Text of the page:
# Flying to orbital nodes

Given the Keplerian elements for an object for current time. The object is on ellyptic orbit.

How to calculate, at what time the object will be on one of the orbital nodes? That's required for inclination change maneuver.

• What do you mean by orbital nodes? The ascending and descending nodes? Commented Apr 30, 2017 at 18:21
• @fibonatic en.m.wikipedia.org/wiki/Orbital_node Commented Apr 30, 2017 at 18:44

Using the definition of Keplerian elements:

Then it can be seen that the angle between the ascending- and descending node and the periapsis will be equal to $-\omega + 2\,k\,\pi$ and $\pi-\omega + 2\,k\,\pi$ for all integers $k$ respectively. The first node that you will come across will be the first of these two values which becomes larger than $\nu$ as you increase $k$. The time can be calculated with Kepler's equation,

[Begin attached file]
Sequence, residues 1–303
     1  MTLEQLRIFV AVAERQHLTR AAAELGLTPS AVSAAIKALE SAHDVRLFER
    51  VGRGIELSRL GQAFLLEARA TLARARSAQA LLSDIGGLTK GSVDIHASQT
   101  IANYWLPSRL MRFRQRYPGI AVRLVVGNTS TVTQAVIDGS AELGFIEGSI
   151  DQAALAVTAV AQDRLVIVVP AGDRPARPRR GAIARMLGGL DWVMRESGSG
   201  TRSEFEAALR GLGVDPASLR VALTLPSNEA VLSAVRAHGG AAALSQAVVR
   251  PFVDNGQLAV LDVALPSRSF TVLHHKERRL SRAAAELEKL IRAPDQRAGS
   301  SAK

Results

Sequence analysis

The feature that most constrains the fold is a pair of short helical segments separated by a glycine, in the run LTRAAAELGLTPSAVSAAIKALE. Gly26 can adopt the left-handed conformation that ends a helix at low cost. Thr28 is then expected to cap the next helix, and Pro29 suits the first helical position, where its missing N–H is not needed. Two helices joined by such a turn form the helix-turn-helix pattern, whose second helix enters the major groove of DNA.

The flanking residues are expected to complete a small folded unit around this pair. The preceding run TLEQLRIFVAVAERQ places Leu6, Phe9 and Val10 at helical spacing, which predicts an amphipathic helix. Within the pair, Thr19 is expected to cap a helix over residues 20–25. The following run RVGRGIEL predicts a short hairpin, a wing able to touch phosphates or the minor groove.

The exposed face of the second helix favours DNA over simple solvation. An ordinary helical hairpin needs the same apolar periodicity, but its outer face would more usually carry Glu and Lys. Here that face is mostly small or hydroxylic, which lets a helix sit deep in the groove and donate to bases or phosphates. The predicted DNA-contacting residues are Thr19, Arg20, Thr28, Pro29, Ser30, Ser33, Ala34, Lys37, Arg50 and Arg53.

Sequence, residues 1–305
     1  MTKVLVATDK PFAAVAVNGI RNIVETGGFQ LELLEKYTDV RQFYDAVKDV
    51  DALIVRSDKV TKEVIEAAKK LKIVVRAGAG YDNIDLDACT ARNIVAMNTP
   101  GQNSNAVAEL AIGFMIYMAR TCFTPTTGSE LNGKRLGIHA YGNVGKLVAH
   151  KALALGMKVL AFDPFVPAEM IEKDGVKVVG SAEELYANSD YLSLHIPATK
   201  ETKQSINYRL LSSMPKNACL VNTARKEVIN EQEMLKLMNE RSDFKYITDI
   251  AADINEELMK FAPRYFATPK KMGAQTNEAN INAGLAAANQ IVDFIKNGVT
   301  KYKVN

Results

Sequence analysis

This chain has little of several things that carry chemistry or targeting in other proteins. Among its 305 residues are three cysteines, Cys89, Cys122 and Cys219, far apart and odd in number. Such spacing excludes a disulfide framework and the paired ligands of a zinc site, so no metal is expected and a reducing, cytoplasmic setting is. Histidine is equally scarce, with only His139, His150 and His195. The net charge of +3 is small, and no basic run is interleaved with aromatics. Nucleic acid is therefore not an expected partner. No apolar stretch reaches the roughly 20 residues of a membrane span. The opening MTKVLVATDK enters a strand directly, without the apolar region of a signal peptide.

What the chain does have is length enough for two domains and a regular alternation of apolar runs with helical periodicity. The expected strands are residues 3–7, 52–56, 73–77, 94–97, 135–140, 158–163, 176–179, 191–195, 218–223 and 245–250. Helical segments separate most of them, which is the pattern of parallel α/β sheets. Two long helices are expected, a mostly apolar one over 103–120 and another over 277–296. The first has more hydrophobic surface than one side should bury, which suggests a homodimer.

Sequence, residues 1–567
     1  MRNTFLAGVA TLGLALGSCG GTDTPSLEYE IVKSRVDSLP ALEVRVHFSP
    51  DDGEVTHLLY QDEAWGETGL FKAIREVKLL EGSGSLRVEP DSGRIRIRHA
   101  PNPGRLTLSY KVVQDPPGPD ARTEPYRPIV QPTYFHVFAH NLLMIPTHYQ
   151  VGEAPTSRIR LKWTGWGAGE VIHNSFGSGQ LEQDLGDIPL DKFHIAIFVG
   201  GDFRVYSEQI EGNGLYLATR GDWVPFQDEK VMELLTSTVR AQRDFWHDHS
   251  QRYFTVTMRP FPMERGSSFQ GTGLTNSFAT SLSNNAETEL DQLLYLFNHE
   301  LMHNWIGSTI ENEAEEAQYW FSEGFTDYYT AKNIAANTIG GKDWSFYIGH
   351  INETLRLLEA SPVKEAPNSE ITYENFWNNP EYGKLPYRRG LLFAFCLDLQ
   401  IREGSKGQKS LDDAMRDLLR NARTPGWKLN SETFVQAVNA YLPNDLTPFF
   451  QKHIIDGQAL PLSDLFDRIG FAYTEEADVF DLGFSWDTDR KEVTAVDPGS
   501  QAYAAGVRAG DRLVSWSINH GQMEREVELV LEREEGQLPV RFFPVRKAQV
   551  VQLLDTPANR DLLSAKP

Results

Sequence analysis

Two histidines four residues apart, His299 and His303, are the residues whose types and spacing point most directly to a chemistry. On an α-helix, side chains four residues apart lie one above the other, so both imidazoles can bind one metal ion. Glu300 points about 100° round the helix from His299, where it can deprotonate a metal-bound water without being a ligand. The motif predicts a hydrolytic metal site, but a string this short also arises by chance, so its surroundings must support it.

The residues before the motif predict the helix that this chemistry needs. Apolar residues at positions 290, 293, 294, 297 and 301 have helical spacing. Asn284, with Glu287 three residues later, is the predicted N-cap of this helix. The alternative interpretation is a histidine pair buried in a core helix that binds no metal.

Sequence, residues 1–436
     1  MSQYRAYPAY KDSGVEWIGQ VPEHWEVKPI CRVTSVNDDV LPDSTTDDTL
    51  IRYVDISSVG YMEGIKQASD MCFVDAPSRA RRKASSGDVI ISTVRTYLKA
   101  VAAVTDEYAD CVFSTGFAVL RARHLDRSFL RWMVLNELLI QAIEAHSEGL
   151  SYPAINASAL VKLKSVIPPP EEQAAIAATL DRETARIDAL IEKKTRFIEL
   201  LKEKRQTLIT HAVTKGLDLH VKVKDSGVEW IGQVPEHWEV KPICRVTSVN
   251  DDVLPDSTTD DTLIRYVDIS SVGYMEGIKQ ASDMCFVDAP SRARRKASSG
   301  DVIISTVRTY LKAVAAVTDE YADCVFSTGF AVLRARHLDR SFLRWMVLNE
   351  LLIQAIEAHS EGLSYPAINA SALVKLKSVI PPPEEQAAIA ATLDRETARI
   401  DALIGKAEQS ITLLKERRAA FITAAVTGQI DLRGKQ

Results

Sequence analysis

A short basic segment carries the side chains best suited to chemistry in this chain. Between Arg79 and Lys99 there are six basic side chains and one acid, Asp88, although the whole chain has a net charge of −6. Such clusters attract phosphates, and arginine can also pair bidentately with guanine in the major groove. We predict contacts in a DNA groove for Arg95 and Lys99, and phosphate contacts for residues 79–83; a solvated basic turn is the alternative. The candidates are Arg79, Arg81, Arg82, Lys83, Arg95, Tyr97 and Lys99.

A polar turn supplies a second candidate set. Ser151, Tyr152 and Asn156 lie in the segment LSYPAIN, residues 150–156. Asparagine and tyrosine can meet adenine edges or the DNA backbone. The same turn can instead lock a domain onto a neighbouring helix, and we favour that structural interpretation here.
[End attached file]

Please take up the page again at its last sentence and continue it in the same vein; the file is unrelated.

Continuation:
$$M = E + e \sin E, \tag{1}$$

but for this you do first need to the convert these angles (in radians) into the eccentric anomaly. Another way is rewriting $(1)$ into the original angles, which yields,

$$t=\sqrt{\frac{a^3}{\mu}}\left[2\tan^{-1}\left(\frac{\sqrt{1-e^2}\tan{\frac{\nu}{2}}}{1+e}\right)-\frac{e\, \sqrt{1 - e^2}\sin{\nu}}{1 + e\cos{\nu}}\right] \tag{2}.$$

Both equations can give you the time since periapsis passage, which is positive when $E$ or $\nu$ is between $0$ and $\pi$ and negative when between $-\pi$ and $0$. In both cases you need to take the difference between the two times (at the current position and at the node). However you do have to be a bit careful when crossing $\pm\pi$ radians, because you might have to add or subtract the total period of the orbit once to get the actual time till node.

• The first node that you will come across.. Should I compare my true anomaly with the angles you showed? Commented May 1, 2017 at 6:19
• @TarlanMammadzada Yes, because your true anomaly is your current position. However if you want to be perform an inclination change you might want to do that at the node with the highest altitude and not necessary the first node that you come across. And a last side note if your inclination change is sufficiently large it might be more efficient fuel wise to perform a bi-elliptic transfer. Commented May 1, 2017 at 10:08